The Last Man | By: Dallas Releford | | Category: Short Story - Western Bookmark and Share

The Last Man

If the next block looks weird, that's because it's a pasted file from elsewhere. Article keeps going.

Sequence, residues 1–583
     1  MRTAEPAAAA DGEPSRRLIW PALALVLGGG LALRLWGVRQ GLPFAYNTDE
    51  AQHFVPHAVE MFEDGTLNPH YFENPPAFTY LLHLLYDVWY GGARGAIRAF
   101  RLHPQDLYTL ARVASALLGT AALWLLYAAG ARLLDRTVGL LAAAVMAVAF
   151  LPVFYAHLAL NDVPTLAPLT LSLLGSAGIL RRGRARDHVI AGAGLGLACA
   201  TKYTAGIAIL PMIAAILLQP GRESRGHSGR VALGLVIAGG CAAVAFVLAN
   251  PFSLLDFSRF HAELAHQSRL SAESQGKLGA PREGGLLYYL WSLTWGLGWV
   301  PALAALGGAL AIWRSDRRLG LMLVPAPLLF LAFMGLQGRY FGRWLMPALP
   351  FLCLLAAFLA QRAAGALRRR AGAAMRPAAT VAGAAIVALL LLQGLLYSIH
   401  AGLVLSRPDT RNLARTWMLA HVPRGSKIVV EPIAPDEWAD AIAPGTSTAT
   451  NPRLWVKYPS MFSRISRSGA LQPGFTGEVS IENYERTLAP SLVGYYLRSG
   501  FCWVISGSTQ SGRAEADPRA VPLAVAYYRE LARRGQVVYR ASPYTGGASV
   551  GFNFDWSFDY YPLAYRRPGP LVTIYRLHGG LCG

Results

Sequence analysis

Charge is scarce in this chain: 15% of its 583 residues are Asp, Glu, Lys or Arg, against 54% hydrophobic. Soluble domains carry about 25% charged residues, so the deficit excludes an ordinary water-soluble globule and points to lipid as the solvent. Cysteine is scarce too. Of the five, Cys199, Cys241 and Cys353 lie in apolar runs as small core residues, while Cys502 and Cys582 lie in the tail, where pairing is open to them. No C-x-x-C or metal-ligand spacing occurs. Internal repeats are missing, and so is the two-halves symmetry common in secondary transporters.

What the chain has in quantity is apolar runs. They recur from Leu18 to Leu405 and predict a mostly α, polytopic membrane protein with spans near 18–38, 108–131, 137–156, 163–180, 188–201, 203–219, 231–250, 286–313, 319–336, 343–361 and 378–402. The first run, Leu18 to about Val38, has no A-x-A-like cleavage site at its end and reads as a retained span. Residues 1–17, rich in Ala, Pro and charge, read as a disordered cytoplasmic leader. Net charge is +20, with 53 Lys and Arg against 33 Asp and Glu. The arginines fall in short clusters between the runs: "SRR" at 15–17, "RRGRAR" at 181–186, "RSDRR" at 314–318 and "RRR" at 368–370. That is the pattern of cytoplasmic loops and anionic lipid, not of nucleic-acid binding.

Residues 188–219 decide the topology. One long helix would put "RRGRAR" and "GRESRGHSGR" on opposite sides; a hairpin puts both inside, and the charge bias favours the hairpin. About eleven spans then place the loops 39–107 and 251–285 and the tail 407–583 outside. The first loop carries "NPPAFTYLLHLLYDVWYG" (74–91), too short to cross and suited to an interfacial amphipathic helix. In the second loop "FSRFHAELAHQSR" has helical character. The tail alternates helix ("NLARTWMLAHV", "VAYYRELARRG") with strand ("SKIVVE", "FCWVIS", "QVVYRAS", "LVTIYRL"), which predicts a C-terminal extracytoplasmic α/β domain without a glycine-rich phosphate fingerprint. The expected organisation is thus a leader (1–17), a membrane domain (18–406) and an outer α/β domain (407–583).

THE LAST MAN By: Dallas G. Releford Tombstone, Arizona 6th of July, 1887 The wind cut through the streets of Tombstone, Arizona on this hot, sunny day sending the dust swirling around, cutting the faces of the few brave souls who ventured into the town on some urgent business that couldn’t wait. Most folks attempted to cover their eyes with their hands or maybe a colorful bandana but many just braved the weather as best as they could. Most didn’t notice an old dirty Indian man walking down the wooden sidewalk toward the nearest saloon. Many wouldn’t have paid him any attention at any other time even when the sun was shining and they could see him clearly. The old Indian wore a large, black stovepipe hat with an old torn dirty blanket around his shoulders that was tossed and blown by the strong gusts of wind. His solemn face showed many wrinkles from a hard life of worry, very little sleep and not much to eat. Few would guess or even care that hunger was the demon that drove him toward the nearby saloon where he hoped to get some work or maybe a handout. Being weak from little rest, little food in his stomach and the constant dread that haunted him each time he had to confront one of the hated white men, he bumped into the porch post and stumbled into the dirty street. It took some effort before he finally managed to get control of himself again. “What do ya want Injun?” It was the same question that was asked of him every time he approached one of the white men. The bartender, a white man who was balding, red faced and stood some six feet high looked like he didn’t like Indians. He leaned over the bar and asked the question again, “Maybe you didn’t hear me Red Man, what do you want? You know we don’t want your kind in here. Now, unless you got a good reason for being here, GET OUT!” “Me, Iron Bear, Chief of the Cheyenne. Me need food and me willing to work for it.” Iron Bear had become accustomed to the scorn, hate and mistrust applied to his being relentlessly by the white community but he had learned to exist in the environment even though he had never learned to except it. The pain from the stern words of the White man was somewhat worse than the slap across his jaw that the bartender delivered to him. He fell back and lay on the floor too weak to get up. “Jake,” the bartender said to the dirty cowboy who looked like he was half-drunk, “give him some of the corn pone and a piece of that beef and throw his butt out the door. I don’t want him around here but I guess we have to feed’im.” The bartender felt some compassion for the old gray haired man but he didn’t want to show too much weakness in front of the bunch of drunken cowboys that were his regular customers. “Aw, Bart now you are goin’ too far,” the cowboy complained. “Why don’t I just throw’im out the door and into the street?” “You heard me,” the bartender insisted. “If we feed him a little then maybe he can walk out of town quicker.” “I guess that makes sense,” the man agreed. Iron Bear managed to get to his feet, took the food and thanked the bartender. The bartender grunted and motioned for him to be on his way. Outside the saloon, Iron Bear gulped the piece of meat and the cornbread down wishing he had something to drink but he made do with the water from the horse trough. It was water and he had drunk it many times before. Iron Bear wondered why the white man was so mean to him but his father had told him it was because of the many battles and wars that had occurred between the Indian and the white man. He had also been told that the white man wanted to get rid of the Indian so he could take his land. They had most certainly done a good job of that. He had never stolen the white man’s woman, taken his children, violated his women or done anything that he could think of that was wrong. Iron Bear knew that that didn’t really matter because the white man hated him anyway. Iron Bear had been a mighty chief of a tribe that belonged to the Cheyenne nation. This nation had command of most of the Plains. They had hunted buffalo and other animals and pretty much lived in peace until the white man came. One dark, rainy night his entire tribe had been wiped out and he was the sole survivor. The Cheyenne nation still survived but he was the last of his particular tribe. He realized that he could have found a home with any of the Cheyenne tribes but he had ended up begging for scraps of food from the white man. The wind was getting worse and Iron Bear heard many of the white men saying that, “This wind is going to blow up something before the day is over.” Silly White men and their crazy thoughts was all he could think of to describe how he felt about their predictions. How could anyone predict the weather except an Indian who had hundreds of years of living with Mother Nature he wondered? Putting all his grief and problems aside, he decided that he felt much better after the meal and decided to leave Tombstone and go on a hunting trip outside the town. Maybe he could snare some small animals to eat and he wouldn’t have to beg the white man for food for a few days. He hadn’t traveled much more than about ten miles outside the town when he heard some noise that sounded like gunshots in the distance. His hearing wasn’t as good as it used to be but he thought it came from over the hill to the south. It took him more than an hour to gain a position on the top of the nearby rocky hill. Looking down from the hilltop the old man could see a ranch house below him in a grassy valley. There was a small stream that supplied water to a large pond beside the house. He rubbed the dust from his eyes and took another look at the ranch. To his surprise, he was able to see several Indians on ponies riding around the house and shooting their rifles at the old gray structure. Every now and then, there would be a reply from the ranch house. As far as he could tell, there was only one person doing any shooting from the house. Iron Bear never had been in situation where he felt so helpless. He didn’t have any weapons on him except for his knife that he carried in its sheath. He sat down on a huge boulder to ponder what he should do. From his perch high on the rocky hill above he could readily see that the warriors who were marauding around the ranch house were Apaches, the most formidable and fierce Indians in the country. Defeating them would require more than he had to offer. He knew the people in the house below didn’t have enough time left for him to walk all the way back to town to get help and he knew the people in the town wouldn’t believe him anyway. He had to do something and he had to do it now. He only had two weapons at his disposal; the Spirits of the Wind and his knife. Locating a reasonably straight stick from an old dead tree nearby, he used pieces from his old blanket to fashion a spear. Next, he built a small fire to summons the spirits. He prayed to the spirits in hopes that they would accommodate him. All he was asking for was a huge dust storm to shelter him from the eyes of the Apaches below. After several minutes, the winds blew harder and the dust from the ground, the road going to the ranch house and the valley below became one massive storm of dust and debris. Clutching the spear in his old hands he ventured down the mountain guided by the spirits. His feet found their way through the rocks and crevices blocking his way. Before he knew it, he could hear the Indians yelling and cursing the spirits for their interference. When he was near to the ranch house, he suddenly saw one of the Apache braves on his horse next to him. The figure seemed to be somewhat confused by the swirling dust. Old Iron Bear buried the spear into the side of the warrior before he knew what was going on. Iron Bear hastily grabbed the warrior’s ammunition belt and the Winchester rifle and mounted the pony with ease. Iron Bear had been the mightiest of warriors in his time but he had forgotten little about the techniques of riding a pony, even an Apache pony. He quickly sized up the situation and located each of the enemy warriors. He killed each in succession. The dust storm hid him from view of most of the warriors and he was upon them and had done his honorable deed before they could react to him. When the last one had been dispatched, he waved to the Spirit and asked him to let the winds subside. It was more than half-an-hour before the Spirit had answered his request. When the dust cleared and the Sun came out again, he stood there, mounted on the pony of the Apache proudly waving to the people in the house whose very lives he had saved. Iron Bear thought that the people in the house had recognized his contribution and would surely be proud of him. He hoped they would shower him with praise and feed his now empty stomach. That was all that it would take to make him happy. He wanted nothing more than a few thanks and some food from the grateful white men inside. He gently nudged the pony and started toward the house to receive his reward. A shot rang out and then another one from the same gun. He looked toward the ranch house to see a smoking rifle barrel protruding from a window that had an old wooden shutter that stood half open. He didn’t feel any pain but he did feel something like a giant Eagle that hit him in the chest. The second shot got him in the neck and he fell from the horse. He couldn’t breathe but he was still conscious when he looked up with his old weary eyes to see a beautiful squaw with a long buckskin dress on standing over him. With tears in her eyes, she kneeled down and put her hands on his cheeks. “Me sorry old man, I thought you were one of the Apache’s. I couldn’t see very well with the dust and the storm. There was sand in my eyes too --- I’m indeed sorry. From what tribe are you, Cheyenne?” “Yea,” he muttered softly with his last breath, “the last man of my tribe.” “I’m Cheyenne,” she muttered but the old man who had saved her life was gone. “I’m the last woman of your tribe,” she added as she placed her soft hands over his eyes and closed them. The End